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  • A monarch butterfly on orange butterfly weed

Pollinator Gardens

A pollinator garden is a garden which is designed to provide for the needs of local pollinating species. This includes selecting plants that will provide food for various life stages, along with physical features to provide water and nesting habitat. Planting for pollinators is especially important in urban areas where pockets of habitat are needed so pollinators can thrive. 

How to Make a Garden Pollinator-Friendly

Whether you're an individual with a small area where you can fit a few pots, or an organization with a vast area that you're ready to re-wild, the pollinators are all looking for the same things:

  • Focus on native plants, which are the plants that co-evolved with local pollinators.
  • Provide food for adult pollinators in the form of flowering plants that offer nectar and pollen.
  • Choose plants with different blooming times to provide nectar and pollen throughout the growing season. 
  • Choose a variety of flower sizes and colours to attract and support a variety of pollinators. 
  • Plant several of the same species in clusters to help pollinators spot their favourites and to help ensure the pollen is transferred from one plant to another of the same type.
  • Don't forget the host plants. Host plants are where pollinators lay their eggs, and the leaves feed the young caterpillars. These include milkweed for monarchs, native grasses for skippers, nettles for red admirals, and plants from the parsley family for black swallowtails. Remember, the leaves of host plants are meant to be eaten, so don't get upset when you see holes in your leaves—celebrate! 
  • Leave some bare earth and hollow plant stems to provide nesting habitat for native bees. Many local bees are ground or cavity nesters, such as Common Eastern Plasterer Bees (Colletes inaequalis) who dig underground burrows or Virginia Carpenter Bees (Xylocopa virginica) who chews holes in soft wood. And if you do leave room for ground nesting bee burrows, be sure not to cover them later with mulch.
  • Provide a water source by adding a shallow dish of water with rocks placed inside for flying pollinators to land on. You can also grow Cup plants, which catch rain water in their leaves.
  • Avoid pesticides which can both harm pollinators in the present and build up in the soil over time.


Who are the pollinators?

 A wasp climbs on milkweed

Mention pollinators and many people only think of bees and butterflies, but there are so many others who all need the right habitat to survive. Pollinators in the Humber Arboretum include: 

  • Butterflies
  • Bees*
  • Flies
  • Ants
  • Beetles
  • Moths
  • Ruby-throated hummingbirds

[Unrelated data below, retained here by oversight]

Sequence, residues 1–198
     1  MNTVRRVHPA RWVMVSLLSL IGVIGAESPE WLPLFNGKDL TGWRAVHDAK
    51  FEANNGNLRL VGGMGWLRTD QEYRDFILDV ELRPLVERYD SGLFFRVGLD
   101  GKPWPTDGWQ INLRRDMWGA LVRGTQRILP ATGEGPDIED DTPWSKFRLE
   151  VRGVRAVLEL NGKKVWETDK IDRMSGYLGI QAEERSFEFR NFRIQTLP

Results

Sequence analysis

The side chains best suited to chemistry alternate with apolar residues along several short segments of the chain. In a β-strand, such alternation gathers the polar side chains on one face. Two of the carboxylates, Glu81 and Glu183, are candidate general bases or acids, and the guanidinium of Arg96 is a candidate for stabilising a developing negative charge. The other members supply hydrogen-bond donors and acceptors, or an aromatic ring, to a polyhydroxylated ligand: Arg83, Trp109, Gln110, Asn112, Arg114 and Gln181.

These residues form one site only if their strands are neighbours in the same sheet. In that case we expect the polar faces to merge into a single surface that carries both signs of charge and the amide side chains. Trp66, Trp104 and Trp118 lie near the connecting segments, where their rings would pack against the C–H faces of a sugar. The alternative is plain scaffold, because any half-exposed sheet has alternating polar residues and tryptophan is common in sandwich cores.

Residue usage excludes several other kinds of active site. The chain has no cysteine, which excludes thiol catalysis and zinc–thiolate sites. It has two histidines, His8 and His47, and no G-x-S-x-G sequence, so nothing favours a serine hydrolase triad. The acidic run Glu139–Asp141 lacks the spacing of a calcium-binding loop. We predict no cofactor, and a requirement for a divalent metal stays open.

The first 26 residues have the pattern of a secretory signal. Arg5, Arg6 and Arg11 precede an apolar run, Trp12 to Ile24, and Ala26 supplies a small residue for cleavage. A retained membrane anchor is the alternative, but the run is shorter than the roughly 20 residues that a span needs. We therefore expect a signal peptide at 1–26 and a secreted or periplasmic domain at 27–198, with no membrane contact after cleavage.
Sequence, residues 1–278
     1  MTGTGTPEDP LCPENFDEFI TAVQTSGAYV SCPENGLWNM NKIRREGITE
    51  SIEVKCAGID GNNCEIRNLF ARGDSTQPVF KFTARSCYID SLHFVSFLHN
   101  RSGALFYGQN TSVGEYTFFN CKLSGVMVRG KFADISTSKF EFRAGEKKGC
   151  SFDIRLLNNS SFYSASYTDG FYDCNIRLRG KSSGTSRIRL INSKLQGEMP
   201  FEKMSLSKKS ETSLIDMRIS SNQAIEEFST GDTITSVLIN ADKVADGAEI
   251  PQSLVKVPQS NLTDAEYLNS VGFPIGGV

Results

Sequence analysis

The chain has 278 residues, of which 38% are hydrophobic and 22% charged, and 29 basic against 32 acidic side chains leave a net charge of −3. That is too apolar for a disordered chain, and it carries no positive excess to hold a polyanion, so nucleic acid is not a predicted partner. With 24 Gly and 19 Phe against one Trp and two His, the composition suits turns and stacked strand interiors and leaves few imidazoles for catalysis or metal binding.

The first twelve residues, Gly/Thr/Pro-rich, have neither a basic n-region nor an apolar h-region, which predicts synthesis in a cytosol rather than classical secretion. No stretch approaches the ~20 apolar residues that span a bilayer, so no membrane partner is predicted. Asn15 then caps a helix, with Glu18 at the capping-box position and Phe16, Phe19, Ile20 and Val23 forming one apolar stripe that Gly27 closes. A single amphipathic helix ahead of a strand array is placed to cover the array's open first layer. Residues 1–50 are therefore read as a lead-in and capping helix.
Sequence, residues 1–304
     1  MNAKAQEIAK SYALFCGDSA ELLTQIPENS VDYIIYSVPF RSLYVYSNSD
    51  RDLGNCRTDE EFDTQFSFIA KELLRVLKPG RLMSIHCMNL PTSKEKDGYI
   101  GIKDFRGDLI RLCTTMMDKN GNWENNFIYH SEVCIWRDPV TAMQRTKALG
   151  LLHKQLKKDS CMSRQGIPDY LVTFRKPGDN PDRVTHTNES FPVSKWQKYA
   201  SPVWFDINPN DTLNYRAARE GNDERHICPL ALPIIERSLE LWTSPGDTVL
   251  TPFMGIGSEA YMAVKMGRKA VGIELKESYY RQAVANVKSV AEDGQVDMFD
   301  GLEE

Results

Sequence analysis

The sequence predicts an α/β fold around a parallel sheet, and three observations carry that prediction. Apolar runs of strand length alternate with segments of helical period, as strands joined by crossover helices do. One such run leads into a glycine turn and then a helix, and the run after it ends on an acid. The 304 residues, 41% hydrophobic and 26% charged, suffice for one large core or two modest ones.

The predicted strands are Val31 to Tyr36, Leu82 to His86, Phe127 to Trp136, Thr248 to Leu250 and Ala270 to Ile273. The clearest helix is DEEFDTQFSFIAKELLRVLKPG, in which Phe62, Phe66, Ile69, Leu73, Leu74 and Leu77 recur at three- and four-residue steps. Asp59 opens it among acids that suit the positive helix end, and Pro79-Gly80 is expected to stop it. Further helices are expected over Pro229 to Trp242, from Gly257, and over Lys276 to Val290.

*You hear a lot about honeybees, but honeybees aren't actually a native species in Canada—they come from Europe. We have many types of native bees which don't make honey but are an incredibly important part of our ecosystem. This includes a variety of bumble bees, sweat bees, leafcutter and mason bees, and mining bees.  

Plants for Pollinators

Here are just a few of the plants that can play an important role in a Toronto-area pollinator garden. Before selecting plants for your own space, be sure to do research to make sure your soil type and sun exposure match the needs of the plants you're considering.

A bee feeds on a pink milkweed flower

Common milkweed

(Asclepias syriaca)

Perhaps the most widely known plant-pollinator relationship is between milkweed and the monarch butterfly. This tall, sun-loving perennial is a pollinator garden powerhouse because it is both a popular food source for a wide variety of pollinating species, and is also the preferred host plant of the endangered monarch butterfly.

Pollinator Garden Role:

  • Flowers in summer, mid-June to August
  • Nectar and pollen feed a variety of pollinators
  • Host plant for monarch butterfly (danaus plexippus), milkweed tussock moth (euchaetes egle

Butterfly weed

(Asclepias tuberosa)

This herbaceous perennial is a type of milkweed, but it doesn't contain the milky, bitter sap that gives other milkweeds their name. Butterfly weed provides nectar that is enjoyed by a wide variety of pollinators. It can also be used as a host plant by monarch butterflies, although it does not seem to be their first choice when other plants in the milkweed family are available. 

Look for the bright orange flowers to appear in late June/early July and last into the early fall.


Pollinator Garden Role:

  • Blooms from late June to early fall
  • Nectar and pollen attract a variety of pollinators
  • Host plant for monarch butterfly (danaus plexippus), milkweed tussock moth (euchaetes egle), 

A butterfly feeds on tight pink flowers

Spotted Joe-Pye weed

(Eupatorium maculatum)

A tall plant with purple blooms, Joe-pye weed looks similar to milkweed but is in a different family. It offers food for many pollinators that lasts into early fall.

Pollinator Garden Role:

  • Blooms from mid-summer to early fall
  • Popular nectar and pollen plant for wide variety of small pollinators

A spiky red flower nods forward

Wild columbine

(Aquilegia canadensis)

Also known as Canada columbine and eastern red columbine, the unique red blooms provide early nectar to a variety of species. This plant can survive in less than ideal conditions (such as in the crevices of the rock wall at the front of the Centre for Urban Ecology).

Pollinator Garden Role:

  • blooms spring to summer
  • provides nectar to a variety of species